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Most Americans may not use the term “class warfare,” but they know that they are under attack from somebody. As I write this, we’re hoping that 34 million Americans won’t lose their health care this very week!

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When we describe these attacks against us, we usually use the metaphors of open battle, but I think we would understand a lot more if we thought of ourselves as under military siege. Wikipedia explains siege, the military tactic, pretty well.

They say, “Siege warfare is a form of constant, low-intensity conflict characterized by one party holding a strong, static defensive position.” That one party would be us. From the other side’s offensive point of view, Wikipedia says, “The most common practice of siege warfare was to lay siege and just wait for the surrender of the enemies inside or, quite commonly, to coerce someone inside to betray the fortification.”

I think we could understand a lot about our progressive organizations, including our unions, if we think of ourselves as being under siege by enemy forces. The enemy of working people is, of course, our bosses, so that part is easy to understand. But what is it like to be on our side while we are under siege?

Our Bureaucracy Gets Tough

We  will have to ration everything, and that will require a strong bureaucracy. On our side, within the castle walls, we have to guard against spies, provocateurs, and defectors. We have to watch not only the enemy outside but every one of our friends and allies inside. We may have to deal with some of them, severely!

Our untrusting bureaucracy will grow ever tighter. We will “circle the wagons,” not just against the attackers, but against everyone inside our castle walls who might betray us. The enemy outside the walls, where people are free to come and go, will doubtless criticize us as undemocratic. They will compare our leaders to “union bosses,” or to Stalin, or even to Hitler!

If they are able to make our situation within the walls more and more desperate, we will be less and less a democracy. Eventually, if the enemy can keep the siege going long enough, the people we are trying to protect will be sick of our own leaders and might even assist in an overthrow.

Does this sound like, for example, Cuba, North Korea, Russia, Iran, or Venezuela today? Does any of this sound familiar in our own organizations, in our own unions?

What’s the Answer for the Besieged?

Ideally, we should break the siege. That is what the AFL-CIO has been trying to do since 1995. From 1947 (Taft Hartley Law) to 1995, they acted more and more like an isolated and untrusting bureaucracy within walls under siege. Since 1995, the labor federation has been reaching out for allies every where they can find them. The better unions no longer view their own members with suspicion, but look for new channels of communications and internal democracy. I agree with this course, but it isn’t going to be easy. Our enemies are very good at besieging, and we went the wrong way for a considerable length of time.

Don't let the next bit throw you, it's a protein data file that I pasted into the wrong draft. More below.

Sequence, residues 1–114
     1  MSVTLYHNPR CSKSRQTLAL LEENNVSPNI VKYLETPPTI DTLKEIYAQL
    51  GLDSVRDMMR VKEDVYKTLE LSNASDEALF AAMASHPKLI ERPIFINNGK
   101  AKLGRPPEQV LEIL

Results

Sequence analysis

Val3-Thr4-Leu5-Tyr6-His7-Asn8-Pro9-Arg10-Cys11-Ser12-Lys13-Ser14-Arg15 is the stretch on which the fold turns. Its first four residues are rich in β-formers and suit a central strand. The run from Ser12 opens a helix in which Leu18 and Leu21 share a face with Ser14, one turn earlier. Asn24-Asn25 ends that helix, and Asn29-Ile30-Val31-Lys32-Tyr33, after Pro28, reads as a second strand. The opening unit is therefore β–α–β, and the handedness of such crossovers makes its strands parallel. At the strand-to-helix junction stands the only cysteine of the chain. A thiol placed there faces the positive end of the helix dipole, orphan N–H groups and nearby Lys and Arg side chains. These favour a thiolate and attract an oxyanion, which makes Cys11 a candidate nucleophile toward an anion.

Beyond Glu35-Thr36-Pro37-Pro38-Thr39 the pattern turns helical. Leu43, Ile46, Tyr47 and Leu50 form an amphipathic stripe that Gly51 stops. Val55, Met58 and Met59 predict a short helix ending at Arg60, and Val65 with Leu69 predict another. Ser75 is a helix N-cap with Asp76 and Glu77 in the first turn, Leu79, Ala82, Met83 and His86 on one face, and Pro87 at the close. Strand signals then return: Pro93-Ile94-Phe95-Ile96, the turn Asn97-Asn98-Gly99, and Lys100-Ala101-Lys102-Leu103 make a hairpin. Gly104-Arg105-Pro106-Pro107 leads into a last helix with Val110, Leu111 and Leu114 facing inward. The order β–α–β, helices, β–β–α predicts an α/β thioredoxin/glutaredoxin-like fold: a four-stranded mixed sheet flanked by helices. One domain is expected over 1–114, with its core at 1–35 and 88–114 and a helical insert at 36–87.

Not every siege works. The people of Leningrad overcame the German siege of over 900 days, just mostly by enduring. We, too, have to endure.

Gene Lantz

I’m on KNON radio 89.3 FM from 9 to 10 every Saturday. Call in your opinions!

ara-bernie

The old joke has the farmer giving  confusing directions and then concluding, “No, I guess you can’t get there from here!”

I just read, on Peoples’ World, a pretty good explanation of anthropology, from primitive communism through slavery and barbarism to capitalism. Then there’s a nice projection about a much better stage of economic production called socialism.

Millions of Americans, and probably billions of people in the world, have had about all the capitalism they can stand and are ready for socialism. The Bernie campaign showed that clearly here at home. So folks are ready to move on to a better place, but the problem is trying to get the directions straight.

As I said in my last post, some people got discouraged and have already concluded, “You can’t get there from here.” I’m not one of those, but I do recognize that there are a lot of differences in opinion in just how socialism could be achieved.

Socialism from an Invading Army?

I received a note just yesterday from someone who said socialism won’t happen in the U.S. but will come in from elsewhere in the world. He didn’t say exactly how that was going to happen, but it’s possible that he thinks socialism will be established elsewhere and then they will send an invading army to bring it to America. When capitalists have their nervous fingers on nuclear weaponry, I kind of hope that’s not likely.

I think, at one time, a few people might have hoped that the Soviet Union would defeat the U.S. in war. I don’t think the Soviets ever thought that. I know I didn’t. I’m sure glad they didn’t try!